3) If you lived in the same parallel universe as Lyra in Philip Pullman’s His Dark Materials, what animal would your daemon be? Or, put another way, what settled form would you hope it would adopt, and why?

(For those of you who are unfamiliar with Philip Pullman’s His Dark Materials, a daemon can be very loosely described as a physical manifestation of an individual’s inner self/ character/ soul. During childhood, its form is not fixed, and goes through a fluidity of changes every day, according to the fluctuating possibilities of the young mind – e.g. from moth, to kestrel, to dolphin, to leopard etc. Eventually, as a person reaches adulthood, the daemon takes on a settled form; the animal form which most closely suggests the essence of that person’s character…)

4) If you had the chance to step into a painting, and to spend a magical hour wandering its world, which painting would you choose? Maybe it would be Constable’s Hay Wain? Van Gogh’s Starry Night? Or, perhaps you’d like to join in with Edvard Munch’s Scream?? Or – much more light-heartedly – maybe you’d prefer to go trip-trapping over Monet’s bridge? The possibilities are endless. It’s your choice…

5) The Doctor has invited you to time travel with him on board the Tardis. Which period in history would you most like to visit and why?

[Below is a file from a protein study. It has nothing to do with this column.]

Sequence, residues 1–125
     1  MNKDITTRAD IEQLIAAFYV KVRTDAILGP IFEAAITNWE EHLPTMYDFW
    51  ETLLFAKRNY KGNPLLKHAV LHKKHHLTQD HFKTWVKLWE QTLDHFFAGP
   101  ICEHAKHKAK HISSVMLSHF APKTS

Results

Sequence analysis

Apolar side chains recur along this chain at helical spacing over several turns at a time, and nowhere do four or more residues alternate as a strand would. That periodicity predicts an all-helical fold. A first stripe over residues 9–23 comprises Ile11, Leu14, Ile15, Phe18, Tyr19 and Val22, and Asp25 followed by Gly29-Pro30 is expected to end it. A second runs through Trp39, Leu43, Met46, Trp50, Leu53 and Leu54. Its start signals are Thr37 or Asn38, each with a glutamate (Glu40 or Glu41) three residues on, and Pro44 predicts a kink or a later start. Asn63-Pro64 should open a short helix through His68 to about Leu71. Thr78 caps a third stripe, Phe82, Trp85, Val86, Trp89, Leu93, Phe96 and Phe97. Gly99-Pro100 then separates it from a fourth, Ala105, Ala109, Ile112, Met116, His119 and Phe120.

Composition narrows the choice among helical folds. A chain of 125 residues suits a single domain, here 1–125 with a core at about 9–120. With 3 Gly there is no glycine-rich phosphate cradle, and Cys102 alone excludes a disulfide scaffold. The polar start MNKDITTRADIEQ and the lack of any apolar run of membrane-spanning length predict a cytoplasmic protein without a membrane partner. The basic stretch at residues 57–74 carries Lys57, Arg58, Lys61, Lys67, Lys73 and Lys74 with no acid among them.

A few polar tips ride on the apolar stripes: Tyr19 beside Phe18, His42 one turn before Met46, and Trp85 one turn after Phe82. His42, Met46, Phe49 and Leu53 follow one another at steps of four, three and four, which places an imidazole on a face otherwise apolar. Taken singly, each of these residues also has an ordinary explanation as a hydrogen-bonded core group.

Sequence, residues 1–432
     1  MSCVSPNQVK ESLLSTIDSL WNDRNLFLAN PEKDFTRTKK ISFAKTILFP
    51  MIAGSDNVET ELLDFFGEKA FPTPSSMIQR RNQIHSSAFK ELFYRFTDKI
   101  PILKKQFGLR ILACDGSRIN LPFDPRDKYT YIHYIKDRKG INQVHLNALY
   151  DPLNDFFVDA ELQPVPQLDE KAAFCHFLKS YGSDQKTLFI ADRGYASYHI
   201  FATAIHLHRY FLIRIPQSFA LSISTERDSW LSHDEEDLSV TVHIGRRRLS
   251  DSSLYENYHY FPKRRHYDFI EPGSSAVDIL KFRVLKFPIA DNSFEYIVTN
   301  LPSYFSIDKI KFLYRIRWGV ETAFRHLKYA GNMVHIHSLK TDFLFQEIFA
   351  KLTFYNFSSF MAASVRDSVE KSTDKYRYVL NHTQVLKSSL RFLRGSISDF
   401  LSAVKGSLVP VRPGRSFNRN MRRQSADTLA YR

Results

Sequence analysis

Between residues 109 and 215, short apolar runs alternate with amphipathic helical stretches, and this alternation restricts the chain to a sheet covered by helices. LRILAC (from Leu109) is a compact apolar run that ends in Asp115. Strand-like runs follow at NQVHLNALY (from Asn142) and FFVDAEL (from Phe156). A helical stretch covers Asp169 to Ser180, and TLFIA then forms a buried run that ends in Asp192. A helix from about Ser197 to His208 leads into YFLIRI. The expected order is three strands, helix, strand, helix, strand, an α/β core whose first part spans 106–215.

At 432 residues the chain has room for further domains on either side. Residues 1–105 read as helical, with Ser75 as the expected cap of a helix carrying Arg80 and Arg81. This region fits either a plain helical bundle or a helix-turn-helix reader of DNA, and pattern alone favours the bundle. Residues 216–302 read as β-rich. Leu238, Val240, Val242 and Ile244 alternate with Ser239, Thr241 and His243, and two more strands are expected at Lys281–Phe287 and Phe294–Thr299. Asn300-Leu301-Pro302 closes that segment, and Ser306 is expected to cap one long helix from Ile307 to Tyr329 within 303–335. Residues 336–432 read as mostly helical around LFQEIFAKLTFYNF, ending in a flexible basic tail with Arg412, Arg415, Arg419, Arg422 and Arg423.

6) If Jane Austen, Charles Dickens and Will Shakespeare were alive today and were regular tweeters, I’d definitely be persuaded to join Twitter! Is there anyone from pre-internet days who, if they were alive today, you would love to see dazzle us daily with tweets of sheer brilliance and delight? Or are you glad they never had to suffer the tyranny of 140 characters?

7) Which three books and three pieces of music would you take with you to a desert island?

8) Out of all the species of wild animals or birds you have yet to see, which one would you most like to encounter?

9) Which of the following would most closely correspond to your natural habitat?

a) Out on the moors with Heathcliff.

b) In the Forest with Robin Hood.

c) Out at sea with Long John Silver.

d) Cosy by the fireside with a Pickwickian gathering of genial folk, sharing a bottle of your favourite tipple.

e) The bookish calm of a country house study – in mutual retreat with Mr Bennet.

f) Striding across the meadows with Elizabeth Bennet, a healthy glow in your cheeks and mud caking your boots.

g) In the Attic with Jo from Little Women, scribbling stories and dreaming of adventure.

h) Absorbed in the life of the city streets – in the company of a fictional detective of your choice.

i) Roaming Manderley – and the windswept Cornish cliffs – with the second Mrs de Winter.

j) Wandering alongside William and Dorothy Wordsworth, pacing out poetical rhythms on the Cumbrian fells, and waxing lyrical about wild daffodils.

k) In a cave with Gollum.

l) Hey, Mel – I’m an incredibly complicated human being – a mix of all the above holds true. It depends on my mood…

m) I wouldn’t be seen dead with any of them – Bah! Humbug!

10) Where would you rather live and why:

Toad Hall

Bag End

Green Knowe

Little House on the Prairie

Green Gables

Kirrin Island

221B Baker Street

11) If you had to go on a long journey with a fictional character, who would you choose? And what form of transport would you take – ship, hot air balloon, train, canal boat, motorbike, bicycle, gondola, skateboard, horse drawn gypsy caravan? Space ship?